Has Toyota Hit Peak SUV?
The brand will offer buyers 10 different SUVs in 2024—with plenty of overlap between them.
Toyota likes to tout itself as the only full-line automaker left in America. As the domestics have largely ditched cars, and no other Japanese brand builds two trucks anymore (see ya later, Nissan Titan), it’s a fair claim. What Toyota doesn’t address is that it will also sell more SUV models than anybody else. The brand has released no less than four new nameplates since 2021, and will have a lineup of 10 SUVs in a matter of months. Is this high-rider hysteria? Off-roader overkill?
Overland? More like overlap
With 10 different models, there’s bound to be some in-fighting. Want a three-row SUV? There are now four choices: Highlander, Grand Highlander, Sequoia, and 4Runner. Now admittedly, two of those are body-on-frame beasts, better suited to off-roading or towing than the unibody Highlander twins.
Let’s focus in on the 4Runner. Toyota’s venerable SUV might be one of the oldest models on the market, but it still sells in big figures. Come spring there will be another off-road-focused SUV sharing the sales floor however: the reborn Land Cruiser. Shorter and more affordable than before, this latest Land Cruiser is strictly a two-row affair now, and hybrid-only to boot. But it’s nearly the same size as the 4Runner, and it will be priced right on top of its elder sibling. A 4Runner TRD Pro currently lists for $56,315 ($68,990 CAD); Toyota has already said the Land Cruiser will start in the mid-50s in the US. (Canadian estimates were unavailable at the time of writing.) Toyota can say these two models serve different audiences—and we’re sure they do, subtly—but there is a whole lot of overlap in that Venn diagram.
Going down a size and moving over to crossovers, there’s the Venza and just-revealed Crown Signia. Mid-sized two-row? Check. Hybrid powertrain? Check. A push for a semi-premium feel to nip at the heels of Lexus? Check. Nope, this won’t be confusing to customers at all…
It won’t be 10 for long
On the other hand, Toyota isn’t averse to pruning the SUV shrubs when necessary. When we were poking around the 2025 Crown Signia, a Toyota spokesperson was very open about the Venza’s lifecycle heading to an end. The fancy-pants RAV4 relative will continue on for a short time after the Signia launches, but it will not see a refresh. It’s a move we saw with the now-dead C-HR and Corolla Cross: the new model better aligns with where the segment’s tastes lie. Many of the larger two-row crossover SUVs are just that: larger. The Signia gives Toyota a better competitor to the likes of the Volkswagen Atlas Cross Sport, Honda Passport, Mazda CX-50, and Subaru Outback.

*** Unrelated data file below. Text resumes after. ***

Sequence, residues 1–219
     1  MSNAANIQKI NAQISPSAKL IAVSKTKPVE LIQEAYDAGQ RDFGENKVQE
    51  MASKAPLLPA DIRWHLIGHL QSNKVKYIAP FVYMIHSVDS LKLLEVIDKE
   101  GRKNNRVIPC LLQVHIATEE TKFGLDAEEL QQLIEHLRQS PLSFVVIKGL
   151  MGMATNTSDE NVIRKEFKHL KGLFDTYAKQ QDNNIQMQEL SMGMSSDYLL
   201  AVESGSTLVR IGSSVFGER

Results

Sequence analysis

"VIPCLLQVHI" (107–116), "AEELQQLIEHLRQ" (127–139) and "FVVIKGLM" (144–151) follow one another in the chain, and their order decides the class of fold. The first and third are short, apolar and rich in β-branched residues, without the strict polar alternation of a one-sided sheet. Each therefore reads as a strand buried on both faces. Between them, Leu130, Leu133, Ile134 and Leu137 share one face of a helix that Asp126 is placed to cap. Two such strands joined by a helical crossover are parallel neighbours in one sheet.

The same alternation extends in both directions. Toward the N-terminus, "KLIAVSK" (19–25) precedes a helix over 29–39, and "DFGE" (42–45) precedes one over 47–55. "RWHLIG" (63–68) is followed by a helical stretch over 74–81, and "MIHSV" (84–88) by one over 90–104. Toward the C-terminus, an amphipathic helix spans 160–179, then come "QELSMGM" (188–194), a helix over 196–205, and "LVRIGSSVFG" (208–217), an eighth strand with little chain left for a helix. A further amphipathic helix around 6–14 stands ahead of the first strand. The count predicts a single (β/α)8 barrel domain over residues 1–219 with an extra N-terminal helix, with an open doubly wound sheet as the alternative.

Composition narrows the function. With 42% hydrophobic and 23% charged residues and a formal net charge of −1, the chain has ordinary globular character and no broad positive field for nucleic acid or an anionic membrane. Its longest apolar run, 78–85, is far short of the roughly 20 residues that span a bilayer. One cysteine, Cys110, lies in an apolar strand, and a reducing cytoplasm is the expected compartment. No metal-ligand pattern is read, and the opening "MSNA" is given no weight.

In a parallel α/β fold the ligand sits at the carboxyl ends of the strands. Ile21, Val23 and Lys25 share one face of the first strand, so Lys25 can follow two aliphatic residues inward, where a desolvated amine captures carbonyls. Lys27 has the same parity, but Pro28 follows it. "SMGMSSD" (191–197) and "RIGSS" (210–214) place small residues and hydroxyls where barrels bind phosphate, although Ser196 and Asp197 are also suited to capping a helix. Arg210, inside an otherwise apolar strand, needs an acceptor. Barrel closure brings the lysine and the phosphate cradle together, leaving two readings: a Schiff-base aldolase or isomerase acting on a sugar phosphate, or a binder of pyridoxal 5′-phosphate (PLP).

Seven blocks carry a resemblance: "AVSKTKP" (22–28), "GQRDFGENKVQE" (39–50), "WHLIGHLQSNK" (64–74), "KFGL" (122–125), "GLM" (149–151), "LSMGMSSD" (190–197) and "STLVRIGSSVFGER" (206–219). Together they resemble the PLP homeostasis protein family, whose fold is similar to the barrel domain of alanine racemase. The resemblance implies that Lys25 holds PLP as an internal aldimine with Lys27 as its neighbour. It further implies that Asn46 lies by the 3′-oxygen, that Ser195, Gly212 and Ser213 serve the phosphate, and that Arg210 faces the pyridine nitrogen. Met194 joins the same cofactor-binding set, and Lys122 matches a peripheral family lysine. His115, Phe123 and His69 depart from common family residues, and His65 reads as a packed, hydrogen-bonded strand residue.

Will there be any other rationalizations? That’s a “we don’t talk about future product” sort of question but as one example, Toyota folks have told us the brand remains committed to Highlander. With Grand Highlander and Signia sandwiching this original three-row, we find the Highlander of limited appeal: the Grand has a vastly better third-row experience for barely any financial or dynamic disadvantage. In fact, September saw the Grand Highlander already out-sell its baby brother in the US, 10,177 units against 9,407. Meanwhile the Signia will have similar levels of load-carrying ability—though it sacrifices 800 pounds (363 kilograms) of towing capacity, hybrid-to-hybrid; the Highlander can manage 3,500 lb (1,588 kg).
The cars still exist
Car sales have hovered around 20 percent of the US new-car market for this decade. That could change over the next couple years, as a new generation ditches what their parents drove—a long-time trend Automotive News touched on two years ago. Even if buyers do get sick of SUVs, Toyota has an advantage over its competitors. There are still four sedans (and a minivan) in the lineup; no other non-premium automaker matches that figure, as Nissan just put the Maxima out to pasture and Kia is killing both its smallest (Rio) and largest (Stinger). Those are the practical choices too; Toyota also has another pair of two-door sports coupes in the shape of the GR86 and GR Supra.
Will the Land Cruiser and Crown Signia simply swell Toyota’s sales figures in 2024? Or is the Grand Highlander’s cannibalization of the smaller model’s figures a preview of what’s to come? We’ll find out in December 2024 whether buyers embrace this buffet.
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Kyle began his automotive obsession before he even started school, courtesy of a remote control Porsche and various LEGO sets. He later studied advertising and graphic design at Humber College, which led him to writing about cars (both real and digital). He is now a proud member of the Automobile Journalists Association of Canada (AJAC), where he was the Journalist of the Year runner-up for 2021.
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